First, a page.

West African opinion divided over CFA franc reform

CFA franc banknotes. (AFP)
Short Url
Updated 25 December 2019

West African opinion divided over CFA franc reform

  • Experts questioned whether the change amounts to much but others thought it a step forward, although vital issues remain to be tackled

DAKAR: Plans to overhaul the CFA franc, a France-backed currency used by former colonies in West Africa, have drawn reactions ranging from skepticism to cautious optimism.

Some experts in the region questioned whether the change amounts to much but others thought it a step forward, although vital issues remain to be tackled.

Introduced in 1945 during colonial times, the CFA is linked to the euro under an arrangement that requires African members to lodge half their reserves in the Bank of France.

The deal provides currency stability — and a dampener on inflation — for the eight countries in the West African Monetary Union (WAMU).

They comprise Benin, Burkina Faso, Ivory Coast, Mali, Niger, Senegal and Togo, which are former French colonies, as well as Guinea-Bissau, a former Portuguese colony.

But the dependence on France, and even the name of the currency itself, are under fire.

Critics have directed withering fire, describing the CFA franc as a symbol of colonialism and past French meddling and an affront to economic sovereignty.

On Saturday, Ivorian President Alassane Ouattara and French President Emmanuel Macron announced a major shift.

Under it, the CFA franc will be renamed the “eco” and its member countries will no longer be required to keep reserves in France.

The currency will retain parity with the euro, and France will quit its managerial institutions.

However, France will provide backup, in the form of a line of credit, if WAMU countries hit a currency crisis.

The description of the change as “historic” ran into immediate flak.

“It’s six of one and half a dozen of the other,” the Ivorian opposition newspaper Notre Voie (“Our Way”) said, while the Quotidien de Dakar daily in the Senegalese capital said: “The outside has changed, but inside, nothing has moved.” Some economists agreed.

Senegalese expert Makhtar Diouf said the announcement was a “non-event” while Ivorian economist Mamadou Koulibaly, an opposition candidate in next year’s elections, said, “there are reasons for feeling confused.”

Donaldine Amangbedji, a researcher at the Abomey Calavi University in Benin, saw no tangible benefit for the public except for “stirring debate on possible alternatives.”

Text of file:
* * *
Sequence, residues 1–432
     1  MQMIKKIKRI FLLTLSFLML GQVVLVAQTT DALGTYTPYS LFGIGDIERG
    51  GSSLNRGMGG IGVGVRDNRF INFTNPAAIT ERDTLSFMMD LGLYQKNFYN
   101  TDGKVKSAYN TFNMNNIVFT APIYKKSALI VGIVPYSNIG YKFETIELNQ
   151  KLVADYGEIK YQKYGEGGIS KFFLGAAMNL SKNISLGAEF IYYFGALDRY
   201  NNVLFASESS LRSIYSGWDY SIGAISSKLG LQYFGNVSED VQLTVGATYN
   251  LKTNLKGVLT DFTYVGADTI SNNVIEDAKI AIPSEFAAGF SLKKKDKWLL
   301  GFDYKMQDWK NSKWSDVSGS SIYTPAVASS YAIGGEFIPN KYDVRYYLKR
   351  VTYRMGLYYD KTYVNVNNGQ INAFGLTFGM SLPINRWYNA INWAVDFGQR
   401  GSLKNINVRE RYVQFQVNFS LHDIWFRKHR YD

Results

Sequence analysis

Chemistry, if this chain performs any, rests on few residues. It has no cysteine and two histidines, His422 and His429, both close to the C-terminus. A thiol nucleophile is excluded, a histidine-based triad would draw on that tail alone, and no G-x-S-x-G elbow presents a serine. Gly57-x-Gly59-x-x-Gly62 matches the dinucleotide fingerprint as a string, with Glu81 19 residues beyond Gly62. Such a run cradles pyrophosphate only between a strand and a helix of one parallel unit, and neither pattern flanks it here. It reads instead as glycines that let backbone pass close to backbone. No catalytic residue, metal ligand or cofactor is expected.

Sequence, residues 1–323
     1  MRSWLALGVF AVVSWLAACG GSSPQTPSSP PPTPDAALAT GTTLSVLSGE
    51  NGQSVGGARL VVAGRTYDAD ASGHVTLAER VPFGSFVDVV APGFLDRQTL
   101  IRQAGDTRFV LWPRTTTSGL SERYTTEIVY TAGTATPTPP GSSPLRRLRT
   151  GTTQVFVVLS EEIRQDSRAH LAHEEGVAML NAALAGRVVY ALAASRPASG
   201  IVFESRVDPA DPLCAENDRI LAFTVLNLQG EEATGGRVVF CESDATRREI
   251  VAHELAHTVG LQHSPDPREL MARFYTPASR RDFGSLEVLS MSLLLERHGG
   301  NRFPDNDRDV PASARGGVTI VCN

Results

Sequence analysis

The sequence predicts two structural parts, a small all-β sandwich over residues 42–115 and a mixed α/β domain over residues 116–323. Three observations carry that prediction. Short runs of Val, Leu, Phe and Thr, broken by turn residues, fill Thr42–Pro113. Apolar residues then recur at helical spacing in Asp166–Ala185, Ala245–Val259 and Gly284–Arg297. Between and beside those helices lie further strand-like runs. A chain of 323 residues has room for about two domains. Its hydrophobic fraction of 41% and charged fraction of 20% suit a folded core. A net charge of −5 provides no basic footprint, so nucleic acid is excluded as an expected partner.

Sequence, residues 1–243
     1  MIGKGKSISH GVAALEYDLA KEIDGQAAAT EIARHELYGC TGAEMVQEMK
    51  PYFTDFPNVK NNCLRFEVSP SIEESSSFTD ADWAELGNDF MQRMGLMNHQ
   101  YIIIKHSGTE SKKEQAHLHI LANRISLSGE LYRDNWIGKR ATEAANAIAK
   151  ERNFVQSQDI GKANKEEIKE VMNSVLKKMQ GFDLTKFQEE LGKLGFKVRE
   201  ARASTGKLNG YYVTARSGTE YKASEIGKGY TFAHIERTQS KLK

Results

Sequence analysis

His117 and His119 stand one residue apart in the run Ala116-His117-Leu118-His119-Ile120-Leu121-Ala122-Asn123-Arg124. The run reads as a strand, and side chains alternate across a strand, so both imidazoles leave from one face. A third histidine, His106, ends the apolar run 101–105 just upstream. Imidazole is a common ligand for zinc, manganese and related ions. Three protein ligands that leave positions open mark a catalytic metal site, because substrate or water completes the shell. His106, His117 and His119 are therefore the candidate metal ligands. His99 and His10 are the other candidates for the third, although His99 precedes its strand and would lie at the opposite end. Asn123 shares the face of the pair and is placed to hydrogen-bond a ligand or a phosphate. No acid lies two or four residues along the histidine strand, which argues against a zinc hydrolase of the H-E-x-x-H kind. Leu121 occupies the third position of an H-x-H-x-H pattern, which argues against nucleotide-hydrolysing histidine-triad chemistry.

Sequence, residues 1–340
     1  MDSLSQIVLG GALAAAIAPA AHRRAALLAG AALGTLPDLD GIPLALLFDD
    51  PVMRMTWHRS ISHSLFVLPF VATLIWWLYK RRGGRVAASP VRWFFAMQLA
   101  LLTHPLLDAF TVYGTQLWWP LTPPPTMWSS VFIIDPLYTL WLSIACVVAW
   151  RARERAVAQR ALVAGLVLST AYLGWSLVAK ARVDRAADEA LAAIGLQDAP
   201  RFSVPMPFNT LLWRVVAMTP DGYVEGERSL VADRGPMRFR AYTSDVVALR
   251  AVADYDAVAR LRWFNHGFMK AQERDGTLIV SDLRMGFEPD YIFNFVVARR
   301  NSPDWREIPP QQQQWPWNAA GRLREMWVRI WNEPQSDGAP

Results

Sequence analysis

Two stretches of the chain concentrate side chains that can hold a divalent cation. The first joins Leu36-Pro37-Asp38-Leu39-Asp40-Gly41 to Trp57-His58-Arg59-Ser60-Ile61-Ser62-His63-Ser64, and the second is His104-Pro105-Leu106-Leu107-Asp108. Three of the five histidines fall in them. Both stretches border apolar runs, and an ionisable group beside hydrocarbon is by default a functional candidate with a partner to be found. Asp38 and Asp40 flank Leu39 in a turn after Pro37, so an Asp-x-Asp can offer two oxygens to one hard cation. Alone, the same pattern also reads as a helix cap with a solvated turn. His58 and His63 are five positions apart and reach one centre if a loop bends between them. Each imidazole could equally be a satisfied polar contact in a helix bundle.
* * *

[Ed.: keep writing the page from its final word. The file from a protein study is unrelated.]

But Togolese economist Kako Nubukpo, a key figure in the attacks on the CFA franc, said the announcement was “marvelous news ... (a) historic moment.”

He cautioned, however: “We will however remain vigilant about the currency regime, which should be sorted out soon — the fixed parity (with the euro) is transitional.”

Senegalese economist Felwine Sarr, writing on Facebook, said the change was “a step forward, but not a revolution nor a fundamental break.”

“At the present time, this reform ... only concerns the most symbolic aspects, but leaves major components of the former relationship unchanged,” Sarr said.

Several important questions will have to be answered in the coming months.

China Pakistan Economic Corridor is a game-changer

Updated 25 min 7 sec ago

China Pakistan Economic Corridor is a game-changer

  • Project will strengthen bond between two countries who share history of good strategic relations

The China Pakistan Economic Corridor (CPEC), presently under construction at a cost of $46 billion, aims to improve Pakistani infrastructure and deepen the economic and political ties between China and Pakistan.

CPEC is advantageous to Pakistan but also carries substantial economic and strategic benefits for China.

Its importance for China is evident from the fact that it is part of China’s 13th five-year development plan.

CPEC will boost ties between China and Pakistan, which share a history of congenial strategic relations, over a versatile canvass of mutual interest extending over six decades.

In the past 65 years, both countries have developed strong bilateral trade and economic collaboration.

China is Pakistan’s largest trading partner in imports and exports. And CPEC is going further to enhance the lucrative economic cooperation between the two countries.

If realized, the plan will be China’s biggest splurge on economic development in another country to date.